This episode is from the WNYC archives. It may contain language which is no longer politically or socially appropriate.
Frank Titus moderates.
John Hohenberg, Professor of Journalism at Columbia University, discusses the press coverage the United Nations General Assembly.
Panelist include Jerry Miller, Joy Feltcher, Charles Tuck, Charles Rosema.
Is press coverage of UN meeting biased? Hohenberg believes the coverage has been very good up to this point.
Khrushchev antics at the UN.
Difficulties in covering the UN meetings. Not the fault of the press.
The role of television in the coverage of the UN General Assembly.
Relationship among reporters and "black sheet" reporters.
Audio courtesy of the NYC Municipal Archives WNYC Collection
WNYC archives id: 72057
Municipal archives id: LT9063
This is a machine-generated transcript. Text is unformatted and may contain errors.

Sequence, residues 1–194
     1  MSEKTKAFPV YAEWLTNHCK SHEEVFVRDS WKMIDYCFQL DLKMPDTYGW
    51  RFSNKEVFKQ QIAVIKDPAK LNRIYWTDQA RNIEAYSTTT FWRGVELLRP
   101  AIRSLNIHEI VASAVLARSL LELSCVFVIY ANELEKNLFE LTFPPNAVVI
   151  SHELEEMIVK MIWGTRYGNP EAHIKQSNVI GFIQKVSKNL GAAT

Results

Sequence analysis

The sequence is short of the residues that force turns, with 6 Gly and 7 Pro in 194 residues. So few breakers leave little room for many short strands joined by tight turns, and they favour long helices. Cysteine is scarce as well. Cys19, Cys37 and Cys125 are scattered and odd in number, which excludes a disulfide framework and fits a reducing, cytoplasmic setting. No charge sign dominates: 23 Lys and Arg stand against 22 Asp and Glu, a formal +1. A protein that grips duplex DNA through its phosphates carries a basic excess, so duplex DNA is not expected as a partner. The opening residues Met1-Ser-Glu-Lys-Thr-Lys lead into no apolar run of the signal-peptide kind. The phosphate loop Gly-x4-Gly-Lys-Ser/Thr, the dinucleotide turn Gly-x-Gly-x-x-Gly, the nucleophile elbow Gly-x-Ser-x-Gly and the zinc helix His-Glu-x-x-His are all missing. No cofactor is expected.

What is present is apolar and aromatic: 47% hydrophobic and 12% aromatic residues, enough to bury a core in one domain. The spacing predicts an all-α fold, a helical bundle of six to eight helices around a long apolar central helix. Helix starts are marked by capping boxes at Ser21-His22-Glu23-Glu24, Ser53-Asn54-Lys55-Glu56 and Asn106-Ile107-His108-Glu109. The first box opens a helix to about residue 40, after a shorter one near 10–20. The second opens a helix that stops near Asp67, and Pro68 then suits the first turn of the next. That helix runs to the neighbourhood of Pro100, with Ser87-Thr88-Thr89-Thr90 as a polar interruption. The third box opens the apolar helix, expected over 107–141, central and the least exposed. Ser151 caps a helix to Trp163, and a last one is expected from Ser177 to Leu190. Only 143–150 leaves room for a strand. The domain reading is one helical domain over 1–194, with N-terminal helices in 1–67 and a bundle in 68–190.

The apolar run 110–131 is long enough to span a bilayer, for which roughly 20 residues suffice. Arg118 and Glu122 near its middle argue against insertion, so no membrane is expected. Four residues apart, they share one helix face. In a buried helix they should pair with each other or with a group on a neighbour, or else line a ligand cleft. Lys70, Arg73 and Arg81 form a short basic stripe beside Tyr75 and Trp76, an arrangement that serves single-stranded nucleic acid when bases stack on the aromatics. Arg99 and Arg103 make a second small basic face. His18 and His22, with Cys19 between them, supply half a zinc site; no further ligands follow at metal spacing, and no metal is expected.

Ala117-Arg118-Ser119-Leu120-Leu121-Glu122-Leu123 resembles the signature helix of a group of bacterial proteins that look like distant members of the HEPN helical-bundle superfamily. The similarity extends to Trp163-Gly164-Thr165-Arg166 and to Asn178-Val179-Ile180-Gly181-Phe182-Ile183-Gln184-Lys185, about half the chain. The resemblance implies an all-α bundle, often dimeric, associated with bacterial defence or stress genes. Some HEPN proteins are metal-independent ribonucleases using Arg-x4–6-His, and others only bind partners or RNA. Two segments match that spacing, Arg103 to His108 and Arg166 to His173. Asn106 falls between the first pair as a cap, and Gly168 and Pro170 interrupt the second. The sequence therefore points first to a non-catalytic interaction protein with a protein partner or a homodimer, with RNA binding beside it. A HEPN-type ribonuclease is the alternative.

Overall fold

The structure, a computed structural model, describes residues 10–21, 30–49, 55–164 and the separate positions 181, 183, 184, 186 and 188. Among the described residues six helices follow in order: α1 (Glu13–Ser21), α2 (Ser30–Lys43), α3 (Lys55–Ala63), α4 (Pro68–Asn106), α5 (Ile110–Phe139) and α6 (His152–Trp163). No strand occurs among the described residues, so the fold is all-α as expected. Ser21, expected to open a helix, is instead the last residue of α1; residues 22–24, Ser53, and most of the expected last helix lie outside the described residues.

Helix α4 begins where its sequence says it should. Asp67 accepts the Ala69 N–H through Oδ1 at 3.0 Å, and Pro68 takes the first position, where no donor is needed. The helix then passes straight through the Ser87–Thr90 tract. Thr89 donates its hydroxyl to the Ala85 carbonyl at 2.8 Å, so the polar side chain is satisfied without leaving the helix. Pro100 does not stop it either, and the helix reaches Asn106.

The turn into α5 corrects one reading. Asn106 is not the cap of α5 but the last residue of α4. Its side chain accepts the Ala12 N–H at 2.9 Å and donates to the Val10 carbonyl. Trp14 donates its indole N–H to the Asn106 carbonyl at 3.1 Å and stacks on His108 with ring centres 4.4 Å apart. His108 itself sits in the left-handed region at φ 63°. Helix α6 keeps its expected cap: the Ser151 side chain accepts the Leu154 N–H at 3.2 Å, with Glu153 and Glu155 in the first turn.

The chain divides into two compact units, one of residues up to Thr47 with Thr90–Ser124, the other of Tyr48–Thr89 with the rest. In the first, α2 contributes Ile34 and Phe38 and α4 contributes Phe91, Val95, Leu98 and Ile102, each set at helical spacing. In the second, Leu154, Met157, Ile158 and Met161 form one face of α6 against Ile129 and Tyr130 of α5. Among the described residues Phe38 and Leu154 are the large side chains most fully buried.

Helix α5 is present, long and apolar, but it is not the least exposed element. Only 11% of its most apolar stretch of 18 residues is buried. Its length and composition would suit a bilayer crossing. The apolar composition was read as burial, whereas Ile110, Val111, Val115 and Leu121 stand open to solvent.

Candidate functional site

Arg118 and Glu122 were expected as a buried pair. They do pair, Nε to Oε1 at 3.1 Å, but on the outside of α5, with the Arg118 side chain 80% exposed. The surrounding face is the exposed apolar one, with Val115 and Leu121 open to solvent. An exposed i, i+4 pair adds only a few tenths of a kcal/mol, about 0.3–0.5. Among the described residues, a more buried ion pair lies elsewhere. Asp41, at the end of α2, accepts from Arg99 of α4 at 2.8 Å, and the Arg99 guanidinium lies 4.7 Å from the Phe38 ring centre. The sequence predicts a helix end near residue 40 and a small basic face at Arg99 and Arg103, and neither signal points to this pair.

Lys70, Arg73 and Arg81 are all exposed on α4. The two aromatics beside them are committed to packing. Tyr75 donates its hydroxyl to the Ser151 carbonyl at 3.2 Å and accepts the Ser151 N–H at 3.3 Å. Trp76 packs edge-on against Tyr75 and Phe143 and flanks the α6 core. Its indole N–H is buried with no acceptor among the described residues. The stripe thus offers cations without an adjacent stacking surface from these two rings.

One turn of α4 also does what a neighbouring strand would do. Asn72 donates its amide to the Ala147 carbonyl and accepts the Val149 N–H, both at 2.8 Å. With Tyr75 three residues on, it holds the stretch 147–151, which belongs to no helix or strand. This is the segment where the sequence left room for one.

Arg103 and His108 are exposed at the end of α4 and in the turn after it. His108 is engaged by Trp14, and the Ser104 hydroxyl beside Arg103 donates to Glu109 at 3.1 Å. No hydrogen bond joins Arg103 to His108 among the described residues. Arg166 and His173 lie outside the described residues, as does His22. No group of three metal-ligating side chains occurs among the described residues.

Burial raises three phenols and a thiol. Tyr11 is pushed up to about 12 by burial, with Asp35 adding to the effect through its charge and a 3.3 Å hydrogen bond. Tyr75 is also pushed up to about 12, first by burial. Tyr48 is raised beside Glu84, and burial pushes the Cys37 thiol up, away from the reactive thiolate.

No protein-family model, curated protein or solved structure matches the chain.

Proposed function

Has the American press become a sounding board or communist propaganda what is the role of the American Free Press in reporting today is Khrushchev winning the battle of the headlines the visiting U.N. dignitaries receiving treatment in our press for the answers to these and other questions listen now to your city stations campus press conference and this transcribed discussion the editors of college newspapers question News where the personality our moderator on campus press conference is W I N Y C News editor and reporter Frank Titus now to introduce the panel and today's guest here is Mr Titus Good evening and welcome to Compass press conference tonight our guest is John Bird professor of journalism at Columbia University and former United Nations correspondent the members of our college news panel asking the questions are Jerry Miller City College Joyce Belcher Barnard College Charles talk peace college press and Charles Rosie of Columbia Daily Spectator our topic press coverage of the United Nations General Assembly with so many of the world leaders gathered in one spot for the current session of the U.N. General Assembly the role of the reporter takes on a new importance and responsibility the flow of words the sequence of events fills much of the available time and space for the reading listening public through the ordinary news cast the newspaper summary the articles features and editorials the public forums its measure of understanding of these historic events to a great extent the press is indispensable to those that would be informed how well as the job being dollars but we still live our guest Professor John Hornberger first question from Jerry Miller professor Holmberg do you think that the American press coverage of the recent U.N. meeting has been biased No I don't think so I think that the press coverage in particular. At this United Nations General Assembly has been remarkable in many ways I don't recall another time in these past fifteen years when there had been so many major heads of state. Gathered at one place I don't recall when there had been so many top flight reporters gathered to cover these people I also don't recall a time in fifteen years when there had been so many difficulties in the way of clear impartial news coverage and yet I do think that the American press has met the test so far I can only hope that the press will continue to do as good a job as it has been doing up to this time I'd like to ask you another question right now and that is that the two American presidential candidates have received meager coverage in the press when compared to the antics of some of the heads of state currently attending the General Assembly do you think that by pursuing this course the press has been catering to headlines rather than heads. It's a clever question Jerry but I think that your implication is not quite correct you see the presidential candidates have been getting enormous press coverage in the places where they are campaigning I don't think there's any question whatever of this it is quite true that in that I say the South but if the presidential candidates are campaigning in the north. There would be a tendency to play an international story because it's more spectacular and there's less local interest. I think that in New York we have had balanced coverage of the presidential campaign I think what annoys you and what probably annoys a good many American citizens is that quite generally the country over. The U.N. story has been topping the presidential story and this is because Khrushchev and particular by the Heroes Program at the United Nations has really. Done something which I want and indeed shut not only a great many delegates but I think a very large section of the American people when Khrushchev tried to break up the United Nations by attacking the office of the secretary general and when he tried to move the United Nations out of New York and I mean he doesn't have a chance of doing it then it was obvious that he wouldn't get the play I don't think that he is going to continue to get the play I would like to give you just one reason why if I may. A great newspaper editor once received a complaint from Andrea Shinseki the Soviet foreign minister who said why is it that when I give my opening speech at the United Nations I receive top coverage and headlines when I speak again I don't get quite so much coverage and I get smaller headlines and then I speak a third and a fourth and the first time I don't get very much coverage at all in fact you want to give me four paragraphs the other day and the editors answer was Mr Bishop ski when you make a new speech we will give you our a new story but until then your news is very old Khrushchev has just about played out his hand it seems to me and I think you will find that very shortly the presidential campaign will be taking over the headlines as indeed it has already begun doing let's not forget we're still a long ways away from even the mid point in this presidential campaign but will papers all do it justice George Belcher perhaps a home that's how easy or difficult has it been for a newsman to contact you when I presented is. Extremely difficult and this is not the fault of the United Nations the heads of state nor the newspaper man because of the extraordinary security precautions it is because it has become impossible to permit more than a handful of newspaper people at one time to go down on the second floor carder at the United Nations building. And because this is so frequently a number of top correspondents can't get in and there were somebody else on their staff happens to have their pass now this is a technical difficulty the public is of course not very interested in knowing what difficulties newspaper people have in covering the story I might add that they are extremely an interested too in the enormous difficulties which television and radio have in covering this extraordinary story and yet I think we should not. And realize that these people who are getting us the news are doing it in spite of a great many difficulties that are cast in their way difficulties not of their making and not of the US making I would just like to tell you this joy also about the United Nations press section if I may the United Nations itself has perhaps twelve to fifteen practiced press officers who have worked for the United Nations as international civil servants for about fifteen years it is their skill their knowledge of the delegates their ability to open up the way for newspaper press and for precious radio and television people and magazine people to get to the delegates they want that has I think makes possible first so much to be done in such a spectacular way so that the American people and I dare say most of the people of the free world to have the opportunity to be fully informed I hope that opportunity will be taken advantage of I'd like to go back to something Jerry said What do you think press home where does the general opinion among newsman at the U.N. regarding Mr Khrushchev suggestions to ask Mr Hamish Bowles and with the location of the United Nations. You know it's a funny thing about newspaper men at the United Nations but I've worked with them very closely is as one of their colleagues and of course I've observed them. In action for the past ten years since I've been to Colombia and I think that in many many cases although not all the newspaper people who have covered the United Nations are probably stronger adherents of the United Nations then perhaps some of the delegates this may not show in their copy because after all they try to report objective Lee what is said and what is done but nevertheless I know that this is true. Of them they try to do the very best job they can they try as best they can to get an objective picture therefore when Khrushchev made his. Observation. On. Commercial charging that he was biased charging that his action in the Congo had been against the principles of the United Nations I am quite sure that the personal opinion of the newspaper people covering the story if I'm if I'm not if i'm I did may dare to come to some of their opinion was that Khrushchev was very much off base. I would of course accept the Soviet. Delegation the Soviet newspaper people from sharing in this I know they don't they naturally would follow Khrushchev but of all the others they were perhaps as shocked by Khrushchev's proposals as the delegates were and I think that Khrushchev overplayed his hand now the test of any reporter is his ability to report clearly coherently without passion and without heat any start no matter what his opinion is of that story and I think that our most responsible papers. Have given us an example. Which we can shoot for in the coverage of future stories this hammer show story this attack on her show was I think beautifully covered Khrushchev was given every opportunity. He was quoted in a great way the full text of his of his speech was one for full pages by the New York Times and I have no doubt by some other newspapers in the country that were able to devote that much space to it he received this opportunity and I think that his proposal because it was so well covered and because it was so well understood does last Charles resume and John Crosby writing in The New York Herald Tribune has frequently charged that the television people don't live up to their responsibilities and that they frequently shun controversies would you care to comment on this with regard to the United Nations situation well Mr Rosina Charles my primary background is of course newspaper work and I can comment on television as a viewer I would not try to comment as an expert because I have not worked inside television except as a guest on programs etc. From my observation I would say that the chief drawback of television news coverage is it stayed here to give prime time in the evening in many instances to a story as important as the United Nations and may I add a good many others this is a complaint which I am not the first to make as you well know it has been made by a number of outstanding figures in the television industry and I don't believe that there is any great argument that this is one of the great failings of television no television in this U.N. General Assembly has tried. To do better I don't think that they have done well enough but I think that they have made a notable advance in the coverage of this General Assembly and speaking of the industry as a whole and because they have made a notable advance because they have shown conscience a very important thing I think in the mass media that we can hope for even greater advances on the part of television I can't let this opportunity go. To tell you without telling you how much I think of the Bulletin radio coverage it has been given I am speaking over radio and frequently because television and because the newspapers are so much the subject of this discussion all of us tend to overlook the really magnificent work which our radio reporters are doing let me tell you just one story Charles and then I'll subside and get the next question from Charles tuck when I went to the United Nations General Assembly on the opening day. I went to see what newspaper men were doing I couldn't stay away from the story I wasn't there to cover the first person I met. I was a student who was coming into the Columbia graduate Graduate School of Journalism tomorrow. To start as first day in the class of one thousand nine hundred sixty one he was already at work as an accredited correspondent covering the United Nations General Assembly as one of six reporters for a radio chain and I was quite proud of the way he conducted himself I might add that there are some very distinguished radio reporters who are recording themselves beautiful I.E. at the United Nations so that let us not dwell altogether on television shortcomings Let us also give radio a great deal of credit after all it is the fastest news medium I understand at the State Department before this Khrushchev arrived to question the radio and T.V. people about letting their stations become a place for his propaganda do you would you say that they went perhaps too far the other way in their coverage. While the general assembly isn't over I don't think they have to date and I don't think the newspapers have today had broaden your question just a little bit Charles rose a much if I may before the General Assembly opened not only television and radio but newspapers and wire services received a great many communications from the public spontaneous communications and telephone calls protesting that. The coverage of Mr Khrushchev at the United Nations should be played down. Saying that it ought to be restricted that as little space as possible should be given to Khrushchev and to his antics. No newspaper of consequence no wire service editor of importance no radio or television station of any consequence. Has paid any attention to these well meaning people because how can we keep Khrushchev's attack on the United Nations a secret I think the only thing we can do in a democracy if I may use. A A it to leap which has been stated many times before and probably much better how can we and I bought it in a mock Recy Taylor to do anything less than to tell the news as poorly and as impartially as we know how Charles talk for it seems quite evident that Premier Khrushchev came to the United Nations with a definite purpose as the press in Europe and explored the space of the news to patiently there has been a great deal of speculation Charles tuck on what Khrushchev really came here for there been a number of guesses but I do think that the assembly is only beginning. It is my guess that Khrushchev complete program has not yet been revealed and I think that it is a little bit premature to say that we now know why he came to the United Nations I respect those whose opinions already have been voiced in the mass media I think that some of the some of the suggestions that have been made by such people as James Reston water Letterman Cyrus Sulzberger and others are certainly worthy of attention but I think it is a little bit premature. To determine exactly what is in Khrushchev's mind why did he try why is he continuing to try to cripple the United Nations. I think that this is the story that is not yet told as I if I may say so this United Nations starry for all the many columns of newspaper print and for all of the time that has been spent on it on the air. This story has not yet begun to be told that this is only the beginning of this session this is only the general debate we have yet to have the first meeting of the political committee and as a special political committee where the delegates really get down to work we have not yet had even one session behind closed doors in which the not